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AudioQuest Dragonfly Review : Affordable, Outstanding, Tiny DAC / Amp - Page 75

post #1111 of 1921
Quote:
Originally Posted by LAmitchell View Post

Yeah, the MERIDIAN is all the rave right now, but from what I read, it doesn't beat the dragonfly by a whole lot.

 

Quote:
Originally Posted by gidgiddonihah View Post
  When I was reading reviews about the Meridian I think I remember them talking about more detail and the bass was more refined but the differences were small at best. 

 

References?  I can't recall anyone saying that it was like splitting hairs, either in pro reviews or on Head-fi.  The differences are substantial - even if it comes down to preferences, to my ears they go for a different type of sound.  Clearly the headphone out impedance issue is (was) a problem.

post #1112 of 1921

Just decided to return my new Dragonfly, and I'm waiting for the HRT Microstreamer, which I'll then choose between that and a DACport LX I also just got.

post #1113 of 1921
Quote:
Originally Posted by bobeau View Post

References?  I can't recall anyone saying that it was like splitting hairs, either in pro reviews or on Head-fi.  The differences are substantial - even if it comes down to preferences, to my ears they go for a different type of sound.  Clearly the headphone out impedance issue is (was) a problem.

 

If you would have read my post I made it clear I was going off memory and a bad one at that.

post #1114 of 1921
Quote:
Originally Posted by gidgiddonihah View Post

Still loving my (third) replacement DF.  I tried it with my new PS3 and, to my dismay, it doesn't work mad.gif.  When I was reading reviews about the Meridian I think I remember them talking about more detail and the bass was more refined but the differences were small at best.  But I could be wrong.  I read lots of reviews beyersmile.png

 

 

 

How do you like it?  The developer stated the next update would be later than his ETA and he would update the ETA on the website.  That was three, almost four, months ago so I don't hold out much hope for updates anymore.  I find it a bit buggy, but once things start to play it really shows off what Spotify can (and can't) do.

 

Personally, I love it. The main problem I had with my current pair of speakers (Logitech Z553) was the bass being too boomy. The DF cleaned it up GOOD! It really tightened up the bass and the timbre of instruments are a lot more distinct. I really like the form factor as well which makes it so easy to bring along when I travel.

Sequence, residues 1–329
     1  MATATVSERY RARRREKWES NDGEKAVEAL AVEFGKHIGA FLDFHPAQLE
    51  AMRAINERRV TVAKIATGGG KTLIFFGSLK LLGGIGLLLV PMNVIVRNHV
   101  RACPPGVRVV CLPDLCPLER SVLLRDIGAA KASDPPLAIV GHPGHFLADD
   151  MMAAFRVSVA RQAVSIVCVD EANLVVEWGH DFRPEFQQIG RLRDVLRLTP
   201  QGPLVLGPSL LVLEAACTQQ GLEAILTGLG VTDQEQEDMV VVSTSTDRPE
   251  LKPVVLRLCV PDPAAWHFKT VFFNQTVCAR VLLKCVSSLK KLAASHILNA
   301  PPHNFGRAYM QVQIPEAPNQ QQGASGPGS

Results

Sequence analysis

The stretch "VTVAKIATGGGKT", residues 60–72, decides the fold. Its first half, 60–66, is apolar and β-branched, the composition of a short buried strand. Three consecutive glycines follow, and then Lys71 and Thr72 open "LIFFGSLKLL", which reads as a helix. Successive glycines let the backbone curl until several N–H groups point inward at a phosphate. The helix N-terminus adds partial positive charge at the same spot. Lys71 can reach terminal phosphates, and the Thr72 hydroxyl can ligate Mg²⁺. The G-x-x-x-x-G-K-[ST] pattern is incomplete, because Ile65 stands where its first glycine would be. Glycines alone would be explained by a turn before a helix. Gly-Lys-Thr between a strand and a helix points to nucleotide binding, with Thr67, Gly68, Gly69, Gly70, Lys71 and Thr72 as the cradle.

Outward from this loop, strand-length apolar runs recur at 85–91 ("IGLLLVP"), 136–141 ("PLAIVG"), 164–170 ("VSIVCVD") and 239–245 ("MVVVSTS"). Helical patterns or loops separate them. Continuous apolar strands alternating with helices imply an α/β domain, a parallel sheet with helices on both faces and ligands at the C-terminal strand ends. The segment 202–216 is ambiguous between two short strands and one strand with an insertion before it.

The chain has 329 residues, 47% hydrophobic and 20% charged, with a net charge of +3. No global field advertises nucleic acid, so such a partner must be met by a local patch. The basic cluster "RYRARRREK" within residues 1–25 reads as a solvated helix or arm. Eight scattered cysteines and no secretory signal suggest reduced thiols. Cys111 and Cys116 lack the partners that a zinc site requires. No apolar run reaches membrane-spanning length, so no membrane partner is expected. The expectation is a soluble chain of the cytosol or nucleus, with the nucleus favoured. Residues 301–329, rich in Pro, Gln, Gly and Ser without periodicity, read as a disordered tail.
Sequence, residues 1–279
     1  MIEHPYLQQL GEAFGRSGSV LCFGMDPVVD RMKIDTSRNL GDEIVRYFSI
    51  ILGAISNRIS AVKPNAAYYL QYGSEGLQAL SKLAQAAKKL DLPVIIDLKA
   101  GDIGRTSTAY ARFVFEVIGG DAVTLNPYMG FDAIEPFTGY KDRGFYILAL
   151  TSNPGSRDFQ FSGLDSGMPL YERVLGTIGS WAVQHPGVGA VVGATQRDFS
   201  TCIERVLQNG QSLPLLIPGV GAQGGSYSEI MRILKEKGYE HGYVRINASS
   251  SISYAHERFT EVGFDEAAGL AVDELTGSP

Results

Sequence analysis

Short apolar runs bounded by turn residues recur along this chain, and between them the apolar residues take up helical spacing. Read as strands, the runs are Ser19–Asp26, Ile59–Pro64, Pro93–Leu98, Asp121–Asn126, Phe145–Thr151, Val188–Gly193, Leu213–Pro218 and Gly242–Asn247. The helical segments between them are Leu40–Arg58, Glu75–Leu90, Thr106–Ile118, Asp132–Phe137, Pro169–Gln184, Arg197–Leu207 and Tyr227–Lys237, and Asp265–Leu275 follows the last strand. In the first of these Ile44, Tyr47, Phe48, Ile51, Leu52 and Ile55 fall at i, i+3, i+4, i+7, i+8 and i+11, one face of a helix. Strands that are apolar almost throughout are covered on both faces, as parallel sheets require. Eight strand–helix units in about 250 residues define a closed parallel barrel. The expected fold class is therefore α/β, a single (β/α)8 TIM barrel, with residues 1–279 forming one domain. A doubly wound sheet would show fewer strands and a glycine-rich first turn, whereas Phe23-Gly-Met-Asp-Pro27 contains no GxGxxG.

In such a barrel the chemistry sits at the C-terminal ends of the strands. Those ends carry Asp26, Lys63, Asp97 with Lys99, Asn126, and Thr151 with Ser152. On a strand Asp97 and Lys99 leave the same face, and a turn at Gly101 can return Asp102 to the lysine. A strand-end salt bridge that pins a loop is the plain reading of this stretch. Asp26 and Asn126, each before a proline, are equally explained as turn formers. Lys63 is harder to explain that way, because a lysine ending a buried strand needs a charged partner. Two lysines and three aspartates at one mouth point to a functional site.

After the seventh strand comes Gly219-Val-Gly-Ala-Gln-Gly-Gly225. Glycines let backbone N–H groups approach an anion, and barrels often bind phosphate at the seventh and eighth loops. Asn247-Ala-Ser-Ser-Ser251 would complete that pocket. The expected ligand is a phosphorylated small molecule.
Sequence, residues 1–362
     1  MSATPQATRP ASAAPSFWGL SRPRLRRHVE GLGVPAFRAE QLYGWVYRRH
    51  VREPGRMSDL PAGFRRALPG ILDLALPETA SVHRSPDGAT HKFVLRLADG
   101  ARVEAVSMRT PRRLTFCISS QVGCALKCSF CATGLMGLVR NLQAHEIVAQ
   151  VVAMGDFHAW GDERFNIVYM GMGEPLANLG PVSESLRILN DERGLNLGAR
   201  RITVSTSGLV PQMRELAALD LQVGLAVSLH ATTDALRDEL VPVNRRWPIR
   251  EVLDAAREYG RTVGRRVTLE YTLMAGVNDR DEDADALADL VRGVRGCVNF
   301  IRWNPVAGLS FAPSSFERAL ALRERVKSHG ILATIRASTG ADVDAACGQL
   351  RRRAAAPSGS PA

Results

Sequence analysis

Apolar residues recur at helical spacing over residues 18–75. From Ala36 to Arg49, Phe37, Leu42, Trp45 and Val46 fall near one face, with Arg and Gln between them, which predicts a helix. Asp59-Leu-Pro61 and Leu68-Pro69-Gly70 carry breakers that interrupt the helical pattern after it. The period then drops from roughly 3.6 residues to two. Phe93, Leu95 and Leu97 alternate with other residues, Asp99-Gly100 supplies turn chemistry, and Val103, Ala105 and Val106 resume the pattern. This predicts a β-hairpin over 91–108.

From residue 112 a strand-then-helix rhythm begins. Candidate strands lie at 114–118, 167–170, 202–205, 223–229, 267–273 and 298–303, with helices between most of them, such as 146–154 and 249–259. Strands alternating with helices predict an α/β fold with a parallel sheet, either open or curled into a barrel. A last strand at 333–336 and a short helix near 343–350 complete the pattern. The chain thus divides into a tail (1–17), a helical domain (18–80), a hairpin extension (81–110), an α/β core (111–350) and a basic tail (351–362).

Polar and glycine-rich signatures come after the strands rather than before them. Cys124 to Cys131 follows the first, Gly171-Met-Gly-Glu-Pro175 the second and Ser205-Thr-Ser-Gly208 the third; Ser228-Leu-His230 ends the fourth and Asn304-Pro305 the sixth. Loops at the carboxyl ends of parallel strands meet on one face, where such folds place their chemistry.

Fidelify + ASIO just brings it to the next level. Everything sounds a lot more detailed compared to playing music off the Spotify app. There are drawback though: I can't seemed to find my "Starred" list, it crashes on large long subscribed playlists, and it seems to be "hogging" my DF. When I play music on Fidelity, other applications seem to output sound from my laptop speakers instead.

Because of this, I still use Spotify for discovering music, but switch over to Fidelity when I want to enjoy specific playlists. Hope the developer picks up the project again

post #1115 of 1921
Quote:
Originally Posted by Leong428 View Post

 

1. There are drawback though: it seems to be "hogging" my DF. When I play music on Fidelity, other applications seem to output sound from my laptop speakers instead.

 

2. Because of this, I still use Spotify for discovering music, but switch over to Fidelity when I want to enjoy specific playlists. Hope the developer picks up the project again

 

1. That is because ASIO bypasses the Windows Mixer.  By doing this it mutes all other stuff coming into that device.  ASIO must send the signal to the other active device. I use WASAPI which ends up just muting everything which is what I like best. Plus you don't have to download extra stuff and set it all up.

 

2. Exactly what I do.

post #1116 of 1921

Guys,

 

I'm enjoying the Dragonfly and have been for a couple of weeks now. However, I've just looked at it today and I'm a bit worried about the colours of the LED...

 

I know it changes colour according to the file being played etc. However, when I plug it, the LED is green. Now when I play my iTunes-purchased file (AAC. 44.1kHz) and the light went sort of purple. Then when I play a clip for youtube - which can't be the same sampling freq. seriously?) it stays the same colour. Going back to a sample from HDTracks through iTunes (24/96kHz) and it's still the same colour.

 

So, I put a CD into my MacBookPro. Played it through iTunes. SURELY this has to be 16/44.1kHz. Nope, still purple.

 

I can't remember the color vs. freq. exactly, but I thought 44.1 = green and 96kHz = purple, or something.

 

Am I understanding this the wrong way? Please help.

 

Thanks,

 

C

post #1117 of 1921

What does it mean when the DragonFly lights up in different colors?
As mentioned above, DragonFly performs best when audio data is sent to it at its native sample rate. To simplify this, DragonFly lights up different colors when it receives audio data at different sample rates: green for 44.1kHz, blue for 48kHz, amber for 88.2kHz, and magenta for 96kHz.

 
Hi x838nwy,
 
Straight from the website...
post #1118 of 1921
Quote:
Originally Posted by x838nwy View Post

Guys,

 

I'm enjoying the Dragonfly and have been for a couple of weeks now. However, I've just looked at it today and I'm a bit worried about the colours of the LED...

 

You've got it right.  But check out Audio MIDI Setup, which can lock it in at a particular sample rate (ie. forcing upsampling).

post #1119 of 1921
Quote:
Originally Posted by Battlescarze View Post

What does it mean when the DragonFly lights up in different colors?